And now here's a shot as the sun hits it's lowest point on the horizon, from what I could tell. This was at 12:30 pm.

I don't know if you can tell very well, but the sun is actually JUST peeking between the trees there in the center of the pic. That's taken from the street in front of my house looking North. I've got a post to make about the condos just visible at the end of the street, but that'll be at some later point, not right now.

And because it was just too pretty NOT to share, the sky in the OPPOSITE direction at the same point. It was all clouds with some brilliant pinks showing up. Unfortunately you cannot see the incredible lavender tone of the clouds themselves. What appears blue & gray here was actually tones of lilac and lavender, along with the pink. (The pink is actually coming through pretty true, tonight.)


I tried a couple new recipes out on the kiddo tonight, as well as a friend who's spending the night. They're out of a cookbook I have full of Eastern European and Russian recipes. The first is Potato Pancakes (Latkes).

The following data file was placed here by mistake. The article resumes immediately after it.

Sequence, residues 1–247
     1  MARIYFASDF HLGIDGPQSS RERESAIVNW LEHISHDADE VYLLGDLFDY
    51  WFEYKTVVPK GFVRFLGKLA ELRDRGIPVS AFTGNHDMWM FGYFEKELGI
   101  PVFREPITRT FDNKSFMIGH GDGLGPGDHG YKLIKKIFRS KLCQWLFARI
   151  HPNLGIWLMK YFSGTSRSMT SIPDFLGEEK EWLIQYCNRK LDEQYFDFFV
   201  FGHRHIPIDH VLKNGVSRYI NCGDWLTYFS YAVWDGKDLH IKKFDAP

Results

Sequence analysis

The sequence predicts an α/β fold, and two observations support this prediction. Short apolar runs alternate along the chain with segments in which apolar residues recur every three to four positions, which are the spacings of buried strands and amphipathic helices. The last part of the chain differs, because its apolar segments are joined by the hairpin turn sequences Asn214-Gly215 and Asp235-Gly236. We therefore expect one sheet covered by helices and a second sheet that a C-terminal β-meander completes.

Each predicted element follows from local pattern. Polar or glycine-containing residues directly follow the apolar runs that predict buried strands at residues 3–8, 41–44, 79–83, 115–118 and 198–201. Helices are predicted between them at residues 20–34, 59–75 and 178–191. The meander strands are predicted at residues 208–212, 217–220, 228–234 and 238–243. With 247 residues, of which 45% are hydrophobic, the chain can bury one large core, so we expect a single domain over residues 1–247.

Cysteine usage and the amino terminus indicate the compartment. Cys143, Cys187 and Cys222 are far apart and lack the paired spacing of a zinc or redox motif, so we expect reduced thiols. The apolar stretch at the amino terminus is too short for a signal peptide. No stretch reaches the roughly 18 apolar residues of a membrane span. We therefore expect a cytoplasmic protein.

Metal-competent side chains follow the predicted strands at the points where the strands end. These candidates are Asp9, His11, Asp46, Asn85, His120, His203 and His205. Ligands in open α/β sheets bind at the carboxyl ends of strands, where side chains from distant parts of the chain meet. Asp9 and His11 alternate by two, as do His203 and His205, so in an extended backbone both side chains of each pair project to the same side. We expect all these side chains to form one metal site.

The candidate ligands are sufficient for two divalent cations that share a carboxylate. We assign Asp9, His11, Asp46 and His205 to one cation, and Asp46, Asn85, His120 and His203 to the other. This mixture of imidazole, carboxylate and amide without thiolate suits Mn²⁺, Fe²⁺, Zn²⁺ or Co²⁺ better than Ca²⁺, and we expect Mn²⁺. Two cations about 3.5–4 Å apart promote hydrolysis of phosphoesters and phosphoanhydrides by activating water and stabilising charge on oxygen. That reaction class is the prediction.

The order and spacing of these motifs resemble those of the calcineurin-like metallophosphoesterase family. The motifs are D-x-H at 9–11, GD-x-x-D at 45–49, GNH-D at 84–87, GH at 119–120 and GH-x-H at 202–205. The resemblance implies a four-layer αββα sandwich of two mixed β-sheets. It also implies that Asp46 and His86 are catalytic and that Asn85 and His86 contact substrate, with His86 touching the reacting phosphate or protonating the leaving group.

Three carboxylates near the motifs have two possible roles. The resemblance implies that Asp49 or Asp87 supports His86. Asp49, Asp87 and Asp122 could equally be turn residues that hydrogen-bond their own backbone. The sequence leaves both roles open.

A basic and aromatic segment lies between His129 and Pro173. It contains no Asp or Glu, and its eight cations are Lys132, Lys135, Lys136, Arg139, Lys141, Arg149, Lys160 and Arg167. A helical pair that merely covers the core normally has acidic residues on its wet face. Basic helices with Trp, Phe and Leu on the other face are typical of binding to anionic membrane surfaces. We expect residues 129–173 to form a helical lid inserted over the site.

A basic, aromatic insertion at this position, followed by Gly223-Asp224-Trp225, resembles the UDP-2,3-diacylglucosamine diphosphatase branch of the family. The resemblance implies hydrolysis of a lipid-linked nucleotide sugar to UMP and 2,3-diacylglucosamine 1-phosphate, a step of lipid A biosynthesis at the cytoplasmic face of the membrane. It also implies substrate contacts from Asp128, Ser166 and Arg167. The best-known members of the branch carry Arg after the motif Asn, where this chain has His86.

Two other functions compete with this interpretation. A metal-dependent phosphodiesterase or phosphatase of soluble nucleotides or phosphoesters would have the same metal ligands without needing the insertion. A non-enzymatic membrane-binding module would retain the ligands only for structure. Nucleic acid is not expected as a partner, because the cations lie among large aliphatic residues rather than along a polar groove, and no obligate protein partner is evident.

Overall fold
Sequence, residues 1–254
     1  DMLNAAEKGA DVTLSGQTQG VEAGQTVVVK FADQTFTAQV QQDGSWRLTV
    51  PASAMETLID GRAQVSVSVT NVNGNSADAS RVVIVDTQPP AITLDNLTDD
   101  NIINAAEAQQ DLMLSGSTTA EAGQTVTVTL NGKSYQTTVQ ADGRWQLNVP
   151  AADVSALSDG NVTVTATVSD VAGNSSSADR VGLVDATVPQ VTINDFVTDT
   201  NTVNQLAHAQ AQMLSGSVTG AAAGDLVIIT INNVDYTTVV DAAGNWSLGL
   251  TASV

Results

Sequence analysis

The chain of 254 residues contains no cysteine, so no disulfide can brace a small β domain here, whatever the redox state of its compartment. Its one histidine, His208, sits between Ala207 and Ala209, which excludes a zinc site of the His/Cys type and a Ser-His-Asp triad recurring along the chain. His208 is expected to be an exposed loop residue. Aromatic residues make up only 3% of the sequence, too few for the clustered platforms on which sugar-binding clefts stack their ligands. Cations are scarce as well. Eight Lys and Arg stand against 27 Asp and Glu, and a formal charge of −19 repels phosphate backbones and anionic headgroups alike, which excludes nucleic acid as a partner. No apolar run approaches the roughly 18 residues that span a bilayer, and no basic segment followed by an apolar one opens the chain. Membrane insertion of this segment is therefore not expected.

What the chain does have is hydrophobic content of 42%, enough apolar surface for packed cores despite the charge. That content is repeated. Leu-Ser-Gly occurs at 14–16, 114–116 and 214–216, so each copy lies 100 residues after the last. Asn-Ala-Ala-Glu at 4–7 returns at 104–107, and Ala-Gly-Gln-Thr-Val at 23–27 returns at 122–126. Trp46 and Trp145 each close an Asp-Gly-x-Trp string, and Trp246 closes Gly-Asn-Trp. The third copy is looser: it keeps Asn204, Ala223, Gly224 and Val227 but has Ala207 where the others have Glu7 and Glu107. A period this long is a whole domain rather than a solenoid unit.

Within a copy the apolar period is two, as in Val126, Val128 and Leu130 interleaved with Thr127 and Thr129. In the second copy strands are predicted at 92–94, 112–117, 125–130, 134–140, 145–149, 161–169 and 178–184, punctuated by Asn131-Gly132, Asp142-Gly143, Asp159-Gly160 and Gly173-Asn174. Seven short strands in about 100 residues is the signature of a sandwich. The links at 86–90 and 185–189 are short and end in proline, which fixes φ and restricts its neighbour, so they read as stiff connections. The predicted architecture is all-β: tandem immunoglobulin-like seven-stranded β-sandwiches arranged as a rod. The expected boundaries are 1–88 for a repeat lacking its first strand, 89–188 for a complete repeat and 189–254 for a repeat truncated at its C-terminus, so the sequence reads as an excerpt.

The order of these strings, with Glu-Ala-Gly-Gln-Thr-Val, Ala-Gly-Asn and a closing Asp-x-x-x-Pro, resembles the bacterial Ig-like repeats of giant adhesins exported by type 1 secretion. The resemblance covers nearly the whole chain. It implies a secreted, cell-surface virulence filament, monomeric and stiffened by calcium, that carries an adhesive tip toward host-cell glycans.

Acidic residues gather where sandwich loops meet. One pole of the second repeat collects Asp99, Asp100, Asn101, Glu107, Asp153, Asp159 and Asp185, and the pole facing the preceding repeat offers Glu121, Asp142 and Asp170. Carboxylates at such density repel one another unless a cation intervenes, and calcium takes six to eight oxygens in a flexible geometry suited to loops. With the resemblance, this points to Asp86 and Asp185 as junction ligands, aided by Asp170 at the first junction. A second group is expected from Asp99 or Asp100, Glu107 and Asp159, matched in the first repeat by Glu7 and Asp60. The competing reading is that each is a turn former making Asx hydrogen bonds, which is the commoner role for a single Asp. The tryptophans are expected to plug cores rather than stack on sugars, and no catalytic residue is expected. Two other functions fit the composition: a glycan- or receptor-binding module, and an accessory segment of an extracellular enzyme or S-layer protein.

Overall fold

6 large, waxy potatoes, peeled
2 eggs, beaten
1 to 2 cloves garlic, crushed
1 c plain flour
1 tsp chopped fresh marjoram (didn't have this so I used italian seasoning. I wish I'd just used dill instead.)
4 Tbsp butter
4 Tbsp olive oil
salt and pepper to taste
sour cream, chopped fresh parsley or chives

Grate potatoes and squeeze thoroughly dry using a dish towel. (Oops.... I just realized I forgot to squeeze the moisture out!).

Put the potatoes in a bowl with the eggs, garlic, flour, marjoram and salt & pepper; mix well.

Heat half the butter and half the oil in a large frying pan then add large spoonfuls of the potato mixture to form rounds. Carefully flatten the pancakes well with the back of a dampened spoon.